Well, tomorrow is the day. Former FBI Director James Comey, who was fired by President Trump in early May, is set to give his testimony before the Senate Intelligence Committee on communications he had with the president, specifically over the ongoing investigation into former National Security Adviser Michael Flynn. Mr. Comey wrote detailed memos about from his major interactions with the president. In this instance, we know from a copy of the former FBI director’s testimony, which was released yesterday that the president told the then-FBI chief, “I hope you can see your way clear to letting this go, to letting Flynn go. He is a good guy. I hope you can let this go.” Mr. Comey agreed that Flynn was a good guy; he noted that Mr. Flynn was a colleague in his capacity as Director of the Defense Intelligence Agency, and that the two men had a good working relationship at the outset of his term as FBI director.
Mr. Comey also noted that the president, to his knowledge, was only referring to the Flynn probe, not the Russian interference investigation as a whole. So, the reports of this interaction are confirmed. The only difference is that we don’t know if this is evidence of obstruction of justice. Mr. Comey did not make any such accusations his testimony. At the same time, after the one-on-one meeting about Flynn, he did not feel comfortable meeting with the president alone and told Attorney General Jeff Sessions about it (via NYT):
The day after President Trump asked James B. Comey, the F.B.I. director, to end an investigation into his former national security adviser, Mr. Comey confronted Attorney General Jeff Sessions and said he did not want to be left alone again with the president, according to current and former law enforcement officials.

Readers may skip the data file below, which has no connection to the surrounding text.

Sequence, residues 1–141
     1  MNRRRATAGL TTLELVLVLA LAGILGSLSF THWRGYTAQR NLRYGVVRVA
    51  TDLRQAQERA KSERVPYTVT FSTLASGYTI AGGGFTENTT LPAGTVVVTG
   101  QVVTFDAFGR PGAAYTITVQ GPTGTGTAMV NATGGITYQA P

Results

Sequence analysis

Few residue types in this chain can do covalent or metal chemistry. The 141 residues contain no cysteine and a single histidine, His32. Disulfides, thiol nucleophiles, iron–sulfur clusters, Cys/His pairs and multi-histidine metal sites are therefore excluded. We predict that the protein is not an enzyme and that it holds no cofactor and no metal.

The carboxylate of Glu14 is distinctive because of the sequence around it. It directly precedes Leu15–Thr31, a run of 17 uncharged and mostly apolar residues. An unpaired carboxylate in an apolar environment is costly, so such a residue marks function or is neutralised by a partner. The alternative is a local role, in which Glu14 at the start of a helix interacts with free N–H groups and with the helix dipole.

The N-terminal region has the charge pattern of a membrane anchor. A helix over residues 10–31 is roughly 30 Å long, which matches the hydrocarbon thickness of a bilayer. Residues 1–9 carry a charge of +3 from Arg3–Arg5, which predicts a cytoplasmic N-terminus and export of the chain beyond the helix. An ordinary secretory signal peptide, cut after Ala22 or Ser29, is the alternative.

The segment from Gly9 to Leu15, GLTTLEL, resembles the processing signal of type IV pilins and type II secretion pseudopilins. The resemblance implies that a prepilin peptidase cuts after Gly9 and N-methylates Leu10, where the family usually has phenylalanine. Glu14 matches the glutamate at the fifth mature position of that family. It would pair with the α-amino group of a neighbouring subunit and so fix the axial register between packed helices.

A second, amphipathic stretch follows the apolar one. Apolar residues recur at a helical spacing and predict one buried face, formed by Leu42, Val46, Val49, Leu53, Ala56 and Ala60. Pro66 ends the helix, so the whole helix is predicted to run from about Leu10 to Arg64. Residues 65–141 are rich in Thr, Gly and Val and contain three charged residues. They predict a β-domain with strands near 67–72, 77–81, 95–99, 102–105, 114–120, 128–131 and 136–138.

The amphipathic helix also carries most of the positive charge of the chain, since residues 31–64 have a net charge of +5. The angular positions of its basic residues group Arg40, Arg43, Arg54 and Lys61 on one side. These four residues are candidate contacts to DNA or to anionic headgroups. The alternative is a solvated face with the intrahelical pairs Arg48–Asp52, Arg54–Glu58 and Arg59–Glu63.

Mr. Comey believed Mr. Sessions should protect the F.B.I. from White House influence, the officials said, and pulled him aside after a meeting in February to tell him that private interactions between the F.B.I. director and the president were inappropriate. But Mr. Sessions could not guarantee that the president would not try to talk to Mr. Comey alone again, the officials said.
Mr. Comey did not reveal, however, what had so unnerved him about his Oval Office meeting with the president: Mr. Trump’s request that the F.B.I. director end the investigation into the former national security adviser, Michael T. Flynn, who had just been fired. By the time Mr. Trump fired Mr. Comey last month, Mr. Comey had disclosed the meeting to a few of his closest advisers but nobody at the Justice Department, according to the officials, who did not want to be identified discussing Mr. Comey’s interactions with Mr. Trump and Mr. Sessions.
His unwillingness to be alone with the president reflected how deeply Mr. Comey distrusted Mr. Trump, who Mr. Comey believed was trying to undermine the F.B.I.’s independence as it conducted a highly sensitive investigation into links between Mr. Trump’s associates and Russia, the officials said. By comparison, Mr. Comey met alone at least twice with President Barack Obama.
A spokesman for the F.B.I. declined to comment on Mr. Comey’s request. A Justice Department spokesman, Ian Prior, said, “The attorney general doesn’t believe it’s appropriate to respond to media inquiries on matters that may be related to ongoing investigations.”
Guy will have a deeper analysis on Mr. Comey's remarks tomorrow morning